Back when David Sanger revealed new details of how StuxNet broke free of Natanz, he used the metaphor of an escaped zoo animal actively unlocking its cage.
In the summer of 2010, shortly after a new variant of the worm had been sent into Natanz, it became clear that the worm, which was never supposed to leave the Natanz machines, had broken free, like a zoo animal that found the keys to the cage. It fell to Mr. Panetta and two other crucial players in Olympic Games — General Cartwright, the vice chairman of the Joint Chiefs of Staff, and Michael J. Morell, the deputy director of the C.I.A. — to break the news to Mr. Obama and Mr. Biden.
An error in the code, they said, had led it to spread to an engineer’s computer when it was hooked up to the centrifuges. When the engineer left Natanz and connected the computer to the Internet, the American- and Israeli-made bug failed to recognize that its environment had changed. It began replicating itself all around the world. [my emphasis]
This zoo animal found the keys to its cage, broke free, spread to an engineer’s computer, failed to recognize its new environment, and then began replicating itself all around the world.
That is, Sanger used the language of a cognizant being, acting as an agent to spread itself. That’s not inapt. After all, viruses do spread themselves (though they don’t actually go seek out keys to do so).
The Defense Department does not require developers of computer systems that launch cyber operations to implement the same safeguards required of traditional arms makers to prevent collateral damage.
A directive, released Nov. 21, mandated that automated and semi-autonomous weaponry — such as guided munitions that independently select targets — must have human machine interfaces and “be designed to allow commanders and operators to exercise appropriate levels of human judgment over the use of force.” The mandate called for “rigorous hardware and software verification and validation” to ensure that engagements could be terminated if not completed in a designated time frame. The goal is to minimize “unintended engagements,” the document states.
The Pentagon is permitting less human control over systems that deploy malware, exploits and mitigation tools, highlighting Defense’s focus on agile responses to computer threats. The document, signed by Deputy Secretary of Defense Ashton Carter, explicitly states that the directive “does not apply to autonomous or semi-autonomous cyberspace systems for cyberspace operations.”
We have already lost control of one our semi-autonomous cyberspace operations. The potential danger from its “escape” could be tremendous.
And yet DOD specifically exempts similar operations in the future? So we can commit the same error again?
It provided me an excellent opportunity to teach her what the word “shrewd” means–”A special kind of smart.”
I’m less amused by this: Gitmo’s second new set of Military Commission rules in as many years. Last year, they released the 2010 Manual for Military Commissions hours before Omar Khadr’s trial started. This year, they’re introducing the 2011 Regulation for Military trial days before the Abd al Rahim al-Nashiri death penalty case starts. But make no mistake, this “Regulation” amends last year’s Manual. As Carol Rosenberg reports:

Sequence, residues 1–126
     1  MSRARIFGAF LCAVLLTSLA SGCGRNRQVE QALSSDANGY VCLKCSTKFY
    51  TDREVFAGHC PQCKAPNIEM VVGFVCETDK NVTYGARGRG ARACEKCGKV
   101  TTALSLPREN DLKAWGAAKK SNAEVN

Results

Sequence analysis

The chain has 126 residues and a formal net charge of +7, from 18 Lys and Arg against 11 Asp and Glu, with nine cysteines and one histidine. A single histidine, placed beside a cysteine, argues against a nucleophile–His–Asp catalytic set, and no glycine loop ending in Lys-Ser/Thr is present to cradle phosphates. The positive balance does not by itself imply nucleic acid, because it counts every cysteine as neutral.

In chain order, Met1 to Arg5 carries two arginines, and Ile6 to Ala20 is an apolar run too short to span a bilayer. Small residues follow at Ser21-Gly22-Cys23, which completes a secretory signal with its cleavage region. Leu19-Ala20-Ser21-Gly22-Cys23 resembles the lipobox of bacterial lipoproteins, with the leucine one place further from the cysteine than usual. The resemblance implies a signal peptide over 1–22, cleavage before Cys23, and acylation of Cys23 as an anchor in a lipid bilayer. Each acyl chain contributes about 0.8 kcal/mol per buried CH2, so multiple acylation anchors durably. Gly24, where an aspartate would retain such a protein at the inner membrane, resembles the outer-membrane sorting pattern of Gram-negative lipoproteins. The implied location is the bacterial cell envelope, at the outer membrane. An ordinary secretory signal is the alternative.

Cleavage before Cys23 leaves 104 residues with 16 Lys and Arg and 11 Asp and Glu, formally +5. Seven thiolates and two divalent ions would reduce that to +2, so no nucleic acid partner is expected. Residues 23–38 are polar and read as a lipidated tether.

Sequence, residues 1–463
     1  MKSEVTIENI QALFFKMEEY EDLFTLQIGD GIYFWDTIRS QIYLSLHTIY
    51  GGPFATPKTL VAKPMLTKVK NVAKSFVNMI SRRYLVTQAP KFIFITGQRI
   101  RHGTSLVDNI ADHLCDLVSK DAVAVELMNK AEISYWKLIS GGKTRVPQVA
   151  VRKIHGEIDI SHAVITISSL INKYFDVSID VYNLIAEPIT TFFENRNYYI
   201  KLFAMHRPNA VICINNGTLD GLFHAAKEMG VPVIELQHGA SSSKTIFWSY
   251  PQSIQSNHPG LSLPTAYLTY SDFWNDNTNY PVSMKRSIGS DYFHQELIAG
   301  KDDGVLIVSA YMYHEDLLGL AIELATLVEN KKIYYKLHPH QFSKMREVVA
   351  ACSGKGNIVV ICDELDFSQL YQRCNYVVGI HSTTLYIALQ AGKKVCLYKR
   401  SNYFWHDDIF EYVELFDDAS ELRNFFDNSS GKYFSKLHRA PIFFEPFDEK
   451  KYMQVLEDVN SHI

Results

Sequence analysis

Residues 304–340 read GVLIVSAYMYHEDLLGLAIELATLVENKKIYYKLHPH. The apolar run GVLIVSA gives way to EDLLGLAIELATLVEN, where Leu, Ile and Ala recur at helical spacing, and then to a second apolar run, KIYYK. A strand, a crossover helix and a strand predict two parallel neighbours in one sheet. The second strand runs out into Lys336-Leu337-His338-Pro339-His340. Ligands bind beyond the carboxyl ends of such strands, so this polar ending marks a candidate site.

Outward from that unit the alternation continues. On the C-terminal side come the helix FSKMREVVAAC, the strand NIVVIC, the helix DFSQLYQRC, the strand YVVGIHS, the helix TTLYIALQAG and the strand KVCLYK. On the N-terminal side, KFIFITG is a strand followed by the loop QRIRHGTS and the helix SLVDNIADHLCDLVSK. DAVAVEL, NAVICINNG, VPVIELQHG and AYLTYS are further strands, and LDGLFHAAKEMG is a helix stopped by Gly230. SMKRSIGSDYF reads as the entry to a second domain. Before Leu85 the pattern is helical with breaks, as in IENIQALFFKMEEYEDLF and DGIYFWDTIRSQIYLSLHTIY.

The Defense Department released the document two days ahead of the arraignment of a Saudi-born captive charged with murder and terrorism for al Qaida’s suicide bombing of the USS Cole off Yemen.
Almost simultaneously, the document appeared on the war court’s new nearly $500,000 website, numbering 202 pages and including some changes to procedures. For example, each case’s military judge now has the authority to approve the costs of a so-called “learned counsel,” typically a civilian defense attorney with extensive experience defending capital murder cases. It also outlined procedures through which observers could protest, through a chief clerk, a judge’s decision to declare an aspect of a trial as “protected.”
The Pentagon’s new Deputy Secretary of Defense, Ashton B. Carter, signed the new document on Sunday. He said in a foreword that it provided guidance at times that differed from the way the U.S. military court martials its own troops. “That difference is necessitated by the unique circumstances of the conduct of military and intelligence operations during hostilities or by other practical need.”
Legal experts were poring over the document Monday night.
Meantime, Human Rights Watch attorney Andrea Prasow called the timing troubling.
“The very idea that new rules could be issued moments before someone is arraigned to face the death penalty offends any notion of due process,” said Prasow, who has worked on war court defense cases. “The stamp of illegitimacy has been firmly affixed to Nashiri’s case.”
To make it all the more pathetic, check out the image at the top of the page.
That’s the top corner of these brand new rules. From DOD. The biggest bureaucracy in the world.
With no headers.
How the hell can DOD release new rules governing a capital case without even bothering to include headers or footers (the document has simple centered page numbers) to indicate these are actually the rules issued by the biggest bureaucracy in the world?
It’s like some sergeant somewhere who doesn’t know how to operate Microsoft Word was tweaking these until an hour ago.
Seriously, I haven’t even gotten into the contents of these new rules yet. But they look like a–very long–high school project, not the considered rules of court of law.